The Place of Mathematics in Badiou’s Ontology: A First Look

Being and Event

(Note: I have changed my view on this topic considerably. Please scroll down or click this link to see a video of a talk I gave on this topic which ends on a more skeptical note.)

It is well-known that Badiou proposes a new connection between mathematics and ontology. In the first place, this is a move internal to the field of philosophy, as his work does not aim to actively contribute theorems and proofs to mathematics proper. Rather, the aim is to show how certain classical ontological/philosophical questions can be approached by examining abstract (but foundational) mathematical theories. This examination remains distinctly philosophical; insights are lifted from the strictly mathematical language and interpreted ontologically. How is this move justified? Perhaps most importantly: How is the relation between mathematics and philosophy understood here? In this short text, I aim to explain how this new assembly of mathematics and ontology is motivated, how it works and why it contributes something to the philosophical field.
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What is Possible with Heidegger? Remarks on the Relation Between Modality and Time in Sein und Zeit

Ekstatikon

The ekstatikon, from my notes to Sein und Zeit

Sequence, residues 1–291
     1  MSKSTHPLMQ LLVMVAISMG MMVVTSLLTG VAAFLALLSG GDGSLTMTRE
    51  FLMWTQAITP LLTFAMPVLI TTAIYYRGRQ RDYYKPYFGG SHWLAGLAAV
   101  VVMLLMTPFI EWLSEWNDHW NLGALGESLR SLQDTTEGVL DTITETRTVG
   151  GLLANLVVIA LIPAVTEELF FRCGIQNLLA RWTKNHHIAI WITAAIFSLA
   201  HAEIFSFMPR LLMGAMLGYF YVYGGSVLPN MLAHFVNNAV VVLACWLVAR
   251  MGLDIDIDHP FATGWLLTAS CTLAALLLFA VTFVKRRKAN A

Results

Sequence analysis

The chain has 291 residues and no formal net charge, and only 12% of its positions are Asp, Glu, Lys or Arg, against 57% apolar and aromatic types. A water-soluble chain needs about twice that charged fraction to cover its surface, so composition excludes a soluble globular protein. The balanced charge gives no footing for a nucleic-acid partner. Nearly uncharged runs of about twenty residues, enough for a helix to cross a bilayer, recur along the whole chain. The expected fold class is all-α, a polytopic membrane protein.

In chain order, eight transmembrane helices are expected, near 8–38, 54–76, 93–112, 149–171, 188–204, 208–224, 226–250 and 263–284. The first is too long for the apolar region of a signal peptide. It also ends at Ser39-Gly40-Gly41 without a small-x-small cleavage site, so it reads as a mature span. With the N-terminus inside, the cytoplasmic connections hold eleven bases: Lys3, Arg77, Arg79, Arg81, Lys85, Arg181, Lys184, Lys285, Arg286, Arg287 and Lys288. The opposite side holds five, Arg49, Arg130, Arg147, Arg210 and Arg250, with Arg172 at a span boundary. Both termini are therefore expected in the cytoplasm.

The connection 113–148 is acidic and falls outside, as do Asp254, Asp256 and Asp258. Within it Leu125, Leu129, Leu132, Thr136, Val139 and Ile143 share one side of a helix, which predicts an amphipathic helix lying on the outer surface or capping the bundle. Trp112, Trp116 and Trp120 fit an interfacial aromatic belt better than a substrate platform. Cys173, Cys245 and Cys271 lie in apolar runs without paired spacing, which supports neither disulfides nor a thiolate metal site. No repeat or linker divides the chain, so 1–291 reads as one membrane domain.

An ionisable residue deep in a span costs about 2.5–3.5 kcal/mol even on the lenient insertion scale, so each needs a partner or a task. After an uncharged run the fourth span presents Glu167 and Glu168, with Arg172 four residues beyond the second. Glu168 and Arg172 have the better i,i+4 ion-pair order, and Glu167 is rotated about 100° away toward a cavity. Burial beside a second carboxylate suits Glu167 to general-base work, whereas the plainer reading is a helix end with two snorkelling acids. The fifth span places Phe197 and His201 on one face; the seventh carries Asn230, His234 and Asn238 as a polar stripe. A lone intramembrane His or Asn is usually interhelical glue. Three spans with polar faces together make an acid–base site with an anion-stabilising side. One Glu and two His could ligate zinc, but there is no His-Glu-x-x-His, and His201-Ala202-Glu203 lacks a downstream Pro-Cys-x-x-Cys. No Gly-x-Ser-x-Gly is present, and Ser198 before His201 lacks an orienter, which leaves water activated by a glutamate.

Heidegger’s Sein und Zeit is famous for pushing the question of being (“der Sinn des Seins überhaupt”) to the forefront of philosophical inquiry – and for offering as a preliminary horizon for answering this question an investigation into the threefold structure of time (past, present, future). For Heidegger, every explicit or implicit interpretation of being (Seinsverständnis) held by a human being (Dasein) can and must be explained on the basis of a deeper systematic account of the temporal structure of being. To render the thesis of being as time plausible, Heidegger spends most of the book reinterpreting a host of typical, but also atypical, subjects of ontological inquiry, like things, signs, world, space, sociality, normativity, emotion, understanding, language, truth, silence, fear, conscience, and death. This paper asks what role logical modality (possibility, actuality, necessity) plays in his account of temporality (Zeitlichkeit), and argues that the link between the two provides an important insight in the systematic nature of his philosophical operation.

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